The case for addressing bullying across the lifespan becomes ever so stronger when we consider how these destructive behaviors can lead targeted children and adults alike to take their own lives.
Phoebe Prince, Suicide at Age 15
On Saturday, the Boston Herald ran this story by O’Ryan Johnson about the suicide of Phoebe Prince, a 15-year-old girl in Western Massachusetts who was mercilessly bullied by fellow students, in person and online:
A “charming” 15-year-old girl who committed suicide in South Hadley days before a big dance was bullied after school, on her cell phone and on social-networking sites, her principal said in a heart-rending letter to parents.
Phoebe Prince and her mother moved to the quiet enclave in Western Massachusetts from Ireland about six months ago, a friend said. She was found dead inside her Webster Street home Jan. 14 following public spats with classmates over dating.
“Some students made mean-spirited comments to Phoebe in school and on the way home from school, but also through texting and social-networking Web sites,” wrote Dan Smith, principal of South Hadley High School. “This insidious, harassing behavior knows no bounds.”
Marlene Braun, Suicide at Age 46
Meanwhile, one of the ongoing rallying cries for the workplace bullying movement is the 2005 death of conservationist Marlene Braun, who committed suicide after a long course of abusive treatment at work:
The Workplace Bullying Institute is proud to assemble news reports, government reports, essays, and commentary to tell the hidden story of Marlene Braun’s May 2, 2005 suicide and the subsequent government attempts to obliterate her legacy.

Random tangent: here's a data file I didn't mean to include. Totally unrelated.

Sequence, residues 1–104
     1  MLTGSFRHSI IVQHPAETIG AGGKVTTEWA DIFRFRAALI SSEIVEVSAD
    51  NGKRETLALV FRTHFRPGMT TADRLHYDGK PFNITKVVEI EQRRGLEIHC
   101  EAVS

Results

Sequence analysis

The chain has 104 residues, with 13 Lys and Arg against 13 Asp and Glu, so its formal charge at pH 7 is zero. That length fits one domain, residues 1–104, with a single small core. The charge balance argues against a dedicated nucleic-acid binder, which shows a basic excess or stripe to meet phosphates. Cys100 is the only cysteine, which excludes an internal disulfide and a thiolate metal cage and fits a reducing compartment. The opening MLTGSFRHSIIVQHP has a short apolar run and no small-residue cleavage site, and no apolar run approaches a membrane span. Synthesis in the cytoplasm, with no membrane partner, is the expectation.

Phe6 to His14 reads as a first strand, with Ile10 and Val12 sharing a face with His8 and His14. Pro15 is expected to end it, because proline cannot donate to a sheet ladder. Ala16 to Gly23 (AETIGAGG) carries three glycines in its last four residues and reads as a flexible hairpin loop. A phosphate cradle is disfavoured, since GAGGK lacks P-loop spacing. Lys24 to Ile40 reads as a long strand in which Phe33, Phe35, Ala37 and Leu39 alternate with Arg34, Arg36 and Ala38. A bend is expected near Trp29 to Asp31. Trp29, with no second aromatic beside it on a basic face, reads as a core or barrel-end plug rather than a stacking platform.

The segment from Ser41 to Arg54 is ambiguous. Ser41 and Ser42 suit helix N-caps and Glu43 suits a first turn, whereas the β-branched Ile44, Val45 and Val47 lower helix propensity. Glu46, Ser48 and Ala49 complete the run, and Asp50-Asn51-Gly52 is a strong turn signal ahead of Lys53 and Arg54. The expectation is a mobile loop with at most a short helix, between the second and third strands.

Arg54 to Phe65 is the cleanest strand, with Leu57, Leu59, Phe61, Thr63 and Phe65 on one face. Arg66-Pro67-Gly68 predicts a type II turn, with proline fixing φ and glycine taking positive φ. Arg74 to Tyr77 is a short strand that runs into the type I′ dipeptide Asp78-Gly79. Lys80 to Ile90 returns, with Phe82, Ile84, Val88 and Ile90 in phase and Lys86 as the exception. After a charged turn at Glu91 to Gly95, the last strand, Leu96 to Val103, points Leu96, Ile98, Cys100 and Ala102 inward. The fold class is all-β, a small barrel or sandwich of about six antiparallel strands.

It is a tale of an abusive work environment (akin to the traditional profile of bullying cases described at this website) that Marlene described as her inescapable hell caused by her tormenter, bully boss Ron Huntsinger, coupled with dramatic reversals in conservation policies by the federal government executed by Huntsinger and BLM as mandated by the anti-Clinton, anti-environment Bush administration. Huntsinger was promoted in the aftermath of her suicide in the spirit of “heckuva job brownie” incompetence rising.
Thank goodness such a drastic and hopeless response to bullying is not the norm. But even one instance is too many.
If you find yourself or someone you care about at risk, please reach out for help. The National Suicide Prevention Lifeline can be reached around the clock at 1-800-273-TALK (8255) or http://www.suicidepreventionlifeline.org/.
“Bullying eyed in girl’s death”: http://bostonherald.com/news/regional/view.bg?articleid=1227606
Braun story from the Workplace Bullying Institute: http://www.workplacebullying.org/targets/impact/braun/braun.html